A year ago, in November 2014, Sony Pictures suffered huge losses due to the leaking of personal information about employees and their families, employee e-mails, new unreleased films, and much more. Before that, in August, Apple found itself the target of hackers when provocative photos of celebrities stored on their phones emerged. That even state institutions are not safe was shown by the case of the Office of Personnel Management of the United States of America from June 2015, when four million files of employees in the state administration were leaked due to security breaches. These are the cases that made the headlines, and the number of similar incidents that have gone unreported or undetected is much higher.
With this said, one thing is sure – data is a company’s most valuable asset, and its security is a top priority, probably because it’s becoming increasingly difficult to protect. We will deal with procedures that lead to more secure data in the text below.
Data leaks aren’t just a problem for big companies and government agencies. All organizations, whether small or large, possess sensitive data whose loss could have disastrous consequences. This is why data protection should be a priority for every organization.
The first thing we recommend is to go through all your devices—computers, tablets, and smartphones—and look at the apps you don’t need or don’t use anymore.
In addition to using your device’s storage space, it may also be silently loading in the background and using other system resources. They can also – especially on a smartphone – silently follow you or monitor your behavior. In the worst-case scenario, one of those apps might actually be malware, spyware, or some other type of potentially unwanted app that’s actually causing some damage.
So if you don’t need it, uninstall it! You’ll probably be pleasantly surprised at how much cleaner and faster your device is without all those unnecessary apps piling up. If you’re using a business computer, check with YOUR IT admin before you uninstall anything, just to make sure it’s not something the business needs to have.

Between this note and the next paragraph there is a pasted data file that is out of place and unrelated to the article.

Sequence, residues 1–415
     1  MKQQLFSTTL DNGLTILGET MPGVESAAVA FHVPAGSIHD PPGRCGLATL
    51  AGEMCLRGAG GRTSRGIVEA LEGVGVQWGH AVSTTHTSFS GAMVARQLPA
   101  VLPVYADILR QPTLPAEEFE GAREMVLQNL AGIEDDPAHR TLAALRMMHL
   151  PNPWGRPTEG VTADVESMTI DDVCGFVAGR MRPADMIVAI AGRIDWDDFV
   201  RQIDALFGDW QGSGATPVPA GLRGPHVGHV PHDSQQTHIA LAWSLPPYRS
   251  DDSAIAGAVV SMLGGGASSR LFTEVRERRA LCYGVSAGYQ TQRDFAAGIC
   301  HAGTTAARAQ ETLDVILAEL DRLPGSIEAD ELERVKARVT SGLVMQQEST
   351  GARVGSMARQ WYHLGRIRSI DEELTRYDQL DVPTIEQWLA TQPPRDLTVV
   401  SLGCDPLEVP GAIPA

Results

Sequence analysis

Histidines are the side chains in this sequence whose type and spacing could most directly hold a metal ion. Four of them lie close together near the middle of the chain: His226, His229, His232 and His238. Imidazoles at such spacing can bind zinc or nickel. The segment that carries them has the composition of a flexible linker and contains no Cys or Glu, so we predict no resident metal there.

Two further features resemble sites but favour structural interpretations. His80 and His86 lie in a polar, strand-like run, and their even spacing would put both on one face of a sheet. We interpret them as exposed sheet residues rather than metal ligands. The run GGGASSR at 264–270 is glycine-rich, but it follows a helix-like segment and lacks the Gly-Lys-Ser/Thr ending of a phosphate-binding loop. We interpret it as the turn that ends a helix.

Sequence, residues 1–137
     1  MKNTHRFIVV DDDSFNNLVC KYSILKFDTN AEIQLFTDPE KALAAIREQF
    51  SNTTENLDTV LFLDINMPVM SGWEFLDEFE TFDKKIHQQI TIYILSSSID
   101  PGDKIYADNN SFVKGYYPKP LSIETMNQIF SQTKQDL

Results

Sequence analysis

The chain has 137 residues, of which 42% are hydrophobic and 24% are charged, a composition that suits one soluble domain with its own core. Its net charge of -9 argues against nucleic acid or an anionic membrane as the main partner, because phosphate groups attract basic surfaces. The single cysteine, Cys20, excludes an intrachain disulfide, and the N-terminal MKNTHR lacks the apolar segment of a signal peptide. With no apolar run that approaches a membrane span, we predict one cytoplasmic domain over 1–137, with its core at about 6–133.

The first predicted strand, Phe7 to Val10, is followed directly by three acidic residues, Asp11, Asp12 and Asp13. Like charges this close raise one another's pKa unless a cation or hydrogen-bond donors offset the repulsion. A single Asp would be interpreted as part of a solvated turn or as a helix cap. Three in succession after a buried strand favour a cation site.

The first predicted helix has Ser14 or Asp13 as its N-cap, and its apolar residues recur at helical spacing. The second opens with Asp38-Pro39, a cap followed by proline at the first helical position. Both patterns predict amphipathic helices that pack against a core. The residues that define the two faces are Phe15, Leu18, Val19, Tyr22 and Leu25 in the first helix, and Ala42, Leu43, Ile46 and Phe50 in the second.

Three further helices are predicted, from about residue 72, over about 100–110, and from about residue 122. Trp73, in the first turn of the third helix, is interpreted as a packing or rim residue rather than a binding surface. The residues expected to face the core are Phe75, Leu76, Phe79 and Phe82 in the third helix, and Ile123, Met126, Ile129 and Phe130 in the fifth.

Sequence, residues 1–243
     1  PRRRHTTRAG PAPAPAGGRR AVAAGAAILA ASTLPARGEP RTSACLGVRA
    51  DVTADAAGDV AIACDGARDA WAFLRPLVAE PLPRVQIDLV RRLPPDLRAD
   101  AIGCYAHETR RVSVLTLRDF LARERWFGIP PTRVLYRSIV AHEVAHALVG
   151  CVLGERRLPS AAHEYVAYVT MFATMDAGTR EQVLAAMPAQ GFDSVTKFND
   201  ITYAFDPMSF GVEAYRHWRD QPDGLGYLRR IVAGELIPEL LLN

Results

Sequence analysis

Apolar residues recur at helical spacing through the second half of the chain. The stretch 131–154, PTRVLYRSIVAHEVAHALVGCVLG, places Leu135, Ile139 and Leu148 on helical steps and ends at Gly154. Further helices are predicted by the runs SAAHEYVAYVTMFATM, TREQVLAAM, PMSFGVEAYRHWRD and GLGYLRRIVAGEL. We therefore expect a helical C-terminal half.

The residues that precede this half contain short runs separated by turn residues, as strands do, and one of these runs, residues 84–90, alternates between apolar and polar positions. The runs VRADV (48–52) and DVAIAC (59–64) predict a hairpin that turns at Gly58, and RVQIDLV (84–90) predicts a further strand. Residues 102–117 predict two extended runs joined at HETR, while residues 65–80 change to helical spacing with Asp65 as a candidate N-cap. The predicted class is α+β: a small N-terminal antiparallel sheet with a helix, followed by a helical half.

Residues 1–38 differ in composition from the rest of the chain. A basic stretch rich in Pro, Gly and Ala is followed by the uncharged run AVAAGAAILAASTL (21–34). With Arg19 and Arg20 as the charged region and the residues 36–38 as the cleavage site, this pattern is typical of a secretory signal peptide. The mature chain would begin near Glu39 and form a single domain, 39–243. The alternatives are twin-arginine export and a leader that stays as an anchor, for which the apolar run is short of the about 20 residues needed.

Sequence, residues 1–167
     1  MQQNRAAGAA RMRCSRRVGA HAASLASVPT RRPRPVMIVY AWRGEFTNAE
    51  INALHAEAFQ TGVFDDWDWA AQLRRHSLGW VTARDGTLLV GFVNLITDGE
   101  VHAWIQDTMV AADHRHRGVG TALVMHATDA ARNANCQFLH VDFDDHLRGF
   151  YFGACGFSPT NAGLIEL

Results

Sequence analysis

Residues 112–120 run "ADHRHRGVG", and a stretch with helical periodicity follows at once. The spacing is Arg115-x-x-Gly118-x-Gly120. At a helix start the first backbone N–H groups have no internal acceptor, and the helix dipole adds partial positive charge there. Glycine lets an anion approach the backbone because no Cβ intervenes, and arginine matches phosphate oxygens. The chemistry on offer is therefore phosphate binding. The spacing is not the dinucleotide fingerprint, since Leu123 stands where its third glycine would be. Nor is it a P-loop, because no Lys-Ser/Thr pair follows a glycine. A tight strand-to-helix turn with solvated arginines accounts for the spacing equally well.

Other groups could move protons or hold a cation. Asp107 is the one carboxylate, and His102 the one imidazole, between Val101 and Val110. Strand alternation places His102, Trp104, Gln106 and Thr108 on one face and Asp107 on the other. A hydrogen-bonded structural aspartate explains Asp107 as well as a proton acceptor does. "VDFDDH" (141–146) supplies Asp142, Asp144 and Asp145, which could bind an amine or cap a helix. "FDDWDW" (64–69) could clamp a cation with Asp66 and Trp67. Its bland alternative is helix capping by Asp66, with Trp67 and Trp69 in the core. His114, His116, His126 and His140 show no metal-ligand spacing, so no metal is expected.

If you’re not sure if you need something or not, you can keep an eye on it if that makes it easier for you. Because dealing with these issues may take a lot of your time, energy, and resources, you should think about hiring different IT professionals to make the process smoother and free up more time. You can also look for a Microsoft 365 consultant and a business consultant to help you with configuration management, data recovery from possible disasters, monitoring and analytics, and security. Assessments of the things you really need can be performed by specialists, while the arbitrary and trivial things you can live without will be taken care of (such as the video game you installed or music app).
Raise employee awareness
Employees are the weakest link in the security chain. Organize regular training for employees, from directors to receptionists, and familiarize them with the rules and procedures related to the use of sensitive data.
Don’t forget your browser!
You undoubtedly want to keep your web browser installed, but you should check to see if there are browser extensions installed in your browser that you don’t need or want. For most browsers, you can find them in your browser’s settings or by typing about extensions in your browser’s address bar.
Looking for more extreme cleaning?
Every once in a while, you will “factory reset” a computer or smartphone, which basically means it goes back to the state it was in when you first took it out of the box. Then you’ll reinstall only the software and data you need. If you choose to go this route, make sure you have separate copies of all your data, files, and photos; know how to reinstall important apps, and have all the product keys you might need.
The steps to be taken are slightly different for each type of device.
We hope you have a good anti-malware program running on your computer. Now is a good time to get a second opinion or a deeper scan.